ONE of France’s most revered presidents visited Edinburgh on this day, 23 June, in 1942.
The staunchly nationalist and later two-time French leader opened the Scottish Free French House at 28 Regent Terrace.
It was a resting place for French soldiers and a beacon of the nation’s culture.
Old reports from The Scotsman’s archives show that in his visit, de Gaulle, an uncompromising militarist, also spoke at the City Chambers. Many from Edinburgh had gathered outside.
He proclaimed that he “felt at home five minutes after my arrival in Edinburgh.”
The heroic General thanked Scottish soldiers who helped his armoured division at the Battle of Abbeville in May-June 1940.
Edinburgh’s then Lord Provost, Sir William Young Darling, also praised the Auld Alliance, a Franco-Scottish partnership which has existed since 1295.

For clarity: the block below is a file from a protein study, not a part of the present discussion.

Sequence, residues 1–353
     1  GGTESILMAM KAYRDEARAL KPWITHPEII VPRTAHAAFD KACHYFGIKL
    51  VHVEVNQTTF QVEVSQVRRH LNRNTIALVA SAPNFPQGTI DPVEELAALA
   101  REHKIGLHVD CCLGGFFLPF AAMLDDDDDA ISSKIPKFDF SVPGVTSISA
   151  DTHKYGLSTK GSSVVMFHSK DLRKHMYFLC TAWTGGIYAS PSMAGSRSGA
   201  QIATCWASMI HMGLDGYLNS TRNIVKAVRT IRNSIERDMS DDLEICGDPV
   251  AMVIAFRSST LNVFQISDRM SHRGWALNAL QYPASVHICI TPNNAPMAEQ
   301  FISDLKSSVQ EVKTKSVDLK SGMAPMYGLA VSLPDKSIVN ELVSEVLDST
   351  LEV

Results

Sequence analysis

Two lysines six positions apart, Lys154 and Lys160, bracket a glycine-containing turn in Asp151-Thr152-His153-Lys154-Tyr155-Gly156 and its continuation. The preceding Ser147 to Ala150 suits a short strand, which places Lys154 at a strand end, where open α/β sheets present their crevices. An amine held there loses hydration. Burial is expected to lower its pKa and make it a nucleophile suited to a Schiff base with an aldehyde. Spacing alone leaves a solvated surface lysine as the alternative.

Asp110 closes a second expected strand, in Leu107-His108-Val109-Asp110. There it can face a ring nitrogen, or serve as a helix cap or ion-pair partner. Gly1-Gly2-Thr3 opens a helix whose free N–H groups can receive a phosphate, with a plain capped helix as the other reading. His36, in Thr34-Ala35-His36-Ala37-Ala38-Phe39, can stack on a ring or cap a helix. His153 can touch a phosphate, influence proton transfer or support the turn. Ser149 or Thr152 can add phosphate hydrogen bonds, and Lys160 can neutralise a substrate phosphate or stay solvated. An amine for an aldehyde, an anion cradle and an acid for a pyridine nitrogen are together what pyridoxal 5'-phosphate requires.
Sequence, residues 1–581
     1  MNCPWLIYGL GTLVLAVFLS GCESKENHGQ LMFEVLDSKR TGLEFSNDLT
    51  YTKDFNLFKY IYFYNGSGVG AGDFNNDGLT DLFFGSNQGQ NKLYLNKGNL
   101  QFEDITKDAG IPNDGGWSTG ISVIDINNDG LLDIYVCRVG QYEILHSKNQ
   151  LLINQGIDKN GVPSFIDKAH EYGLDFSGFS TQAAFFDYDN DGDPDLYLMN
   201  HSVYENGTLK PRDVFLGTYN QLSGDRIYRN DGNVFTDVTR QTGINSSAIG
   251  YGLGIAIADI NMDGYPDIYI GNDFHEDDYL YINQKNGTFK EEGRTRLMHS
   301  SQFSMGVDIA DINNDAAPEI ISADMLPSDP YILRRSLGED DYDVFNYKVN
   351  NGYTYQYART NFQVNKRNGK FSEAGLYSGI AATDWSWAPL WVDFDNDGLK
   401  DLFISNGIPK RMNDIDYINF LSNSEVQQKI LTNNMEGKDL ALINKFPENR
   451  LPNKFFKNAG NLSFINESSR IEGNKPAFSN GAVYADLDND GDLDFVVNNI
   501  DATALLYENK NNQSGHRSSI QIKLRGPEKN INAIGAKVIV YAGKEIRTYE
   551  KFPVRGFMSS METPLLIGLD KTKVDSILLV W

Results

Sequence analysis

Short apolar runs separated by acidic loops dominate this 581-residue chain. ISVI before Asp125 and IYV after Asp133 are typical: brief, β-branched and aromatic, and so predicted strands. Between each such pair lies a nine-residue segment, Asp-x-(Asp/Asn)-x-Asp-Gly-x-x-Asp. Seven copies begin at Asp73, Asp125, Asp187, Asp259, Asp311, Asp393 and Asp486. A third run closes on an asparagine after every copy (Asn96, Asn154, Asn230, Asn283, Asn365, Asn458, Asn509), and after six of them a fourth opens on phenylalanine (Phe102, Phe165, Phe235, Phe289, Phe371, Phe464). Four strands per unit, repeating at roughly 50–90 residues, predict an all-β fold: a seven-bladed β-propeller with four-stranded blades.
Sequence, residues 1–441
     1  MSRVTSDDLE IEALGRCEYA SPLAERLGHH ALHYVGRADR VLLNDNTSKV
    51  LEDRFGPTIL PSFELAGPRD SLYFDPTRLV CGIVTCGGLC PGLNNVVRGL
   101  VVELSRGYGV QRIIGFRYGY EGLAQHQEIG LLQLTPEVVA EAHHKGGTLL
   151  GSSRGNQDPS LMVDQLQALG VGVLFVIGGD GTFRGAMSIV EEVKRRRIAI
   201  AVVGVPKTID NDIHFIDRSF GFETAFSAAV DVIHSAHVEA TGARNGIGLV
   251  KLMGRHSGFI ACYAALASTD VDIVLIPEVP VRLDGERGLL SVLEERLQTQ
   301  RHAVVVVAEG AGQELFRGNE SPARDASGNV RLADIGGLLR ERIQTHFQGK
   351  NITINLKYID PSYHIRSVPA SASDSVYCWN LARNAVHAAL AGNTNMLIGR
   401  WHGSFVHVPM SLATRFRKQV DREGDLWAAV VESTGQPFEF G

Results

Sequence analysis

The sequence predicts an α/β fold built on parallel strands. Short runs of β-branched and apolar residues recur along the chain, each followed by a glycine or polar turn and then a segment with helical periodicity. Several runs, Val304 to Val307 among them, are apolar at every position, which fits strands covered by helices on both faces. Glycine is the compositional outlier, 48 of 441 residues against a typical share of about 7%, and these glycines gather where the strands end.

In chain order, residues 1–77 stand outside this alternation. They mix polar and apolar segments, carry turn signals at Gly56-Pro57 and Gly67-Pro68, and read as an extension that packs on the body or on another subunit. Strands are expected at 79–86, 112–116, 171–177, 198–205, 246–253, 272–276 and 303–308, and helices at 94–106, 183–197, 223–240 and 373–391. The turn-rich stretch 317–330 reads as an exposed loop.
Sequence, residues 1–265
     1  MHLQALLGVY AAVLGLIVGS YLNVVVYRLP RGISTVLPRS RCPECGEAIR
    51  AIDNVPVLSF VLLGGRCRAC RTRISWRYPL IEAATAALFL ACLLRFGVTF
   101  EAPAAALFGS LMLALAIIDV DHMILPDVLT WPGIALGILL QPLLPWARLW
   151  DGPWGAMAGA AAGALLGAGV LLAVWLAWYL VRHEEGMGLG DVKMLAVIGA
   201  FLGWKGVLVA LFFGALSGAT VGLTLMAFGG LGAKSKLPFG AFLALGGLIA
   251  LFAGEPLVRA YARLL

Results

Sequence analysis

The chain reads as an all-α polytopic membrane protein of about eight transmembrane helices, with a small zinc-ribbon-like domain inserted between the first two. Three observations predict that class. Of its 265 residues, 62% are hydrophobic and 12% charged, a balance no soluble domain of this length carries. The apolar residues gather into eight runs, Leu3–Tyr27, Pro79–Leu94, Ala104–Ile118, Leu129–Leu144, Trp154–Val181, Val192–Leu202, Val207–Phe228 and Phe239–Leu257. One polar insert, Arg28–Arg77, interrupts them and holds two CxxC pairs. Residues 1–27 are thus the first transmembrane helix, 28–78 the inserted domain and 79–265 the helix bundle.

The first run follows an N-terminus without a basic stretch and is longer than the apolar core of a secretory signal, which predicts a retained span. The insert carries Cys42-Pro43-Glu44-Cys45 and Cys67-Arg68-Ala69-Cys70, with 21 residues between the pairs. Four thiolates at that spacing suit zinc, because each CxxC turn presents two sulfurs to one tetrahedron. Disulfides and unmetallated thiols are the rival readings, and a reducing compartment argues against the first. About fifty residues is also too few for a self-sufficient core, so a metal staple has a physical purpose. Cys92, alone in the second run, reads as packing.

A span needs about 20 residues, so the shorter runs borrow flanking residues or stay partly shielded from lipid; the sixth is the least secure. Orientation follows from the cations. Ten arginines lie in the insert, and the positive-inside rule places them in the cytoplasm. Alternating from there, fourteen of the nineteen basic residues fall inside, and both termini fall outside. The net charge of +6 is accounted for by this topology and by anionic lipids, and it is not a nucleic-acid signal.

The patriotic leader earned respect after abandoning the French Government in 1940, heading into exile in Britain.
The government signed a truce with the German forces who trampled France in its Nazi Occupation. But de Gaulle believed in military action.
Once barely known in London, he drove the Free French movement, which galvanised ‘La Résistance’.
In 1944’s Paris Liberation, he became nationally renowned.
The iconic Frenchman was leader of the Fourth Republic’s provisional government in 1944.
He became the nation’s eighteenth president in 1959, for ten years.
The leader, who died in 1970, also won recognition for exceptional service in WWI.
A plaque commemorating General de Gaulle’s historic visit can be seen today on the facade of 28 Regent Terrace.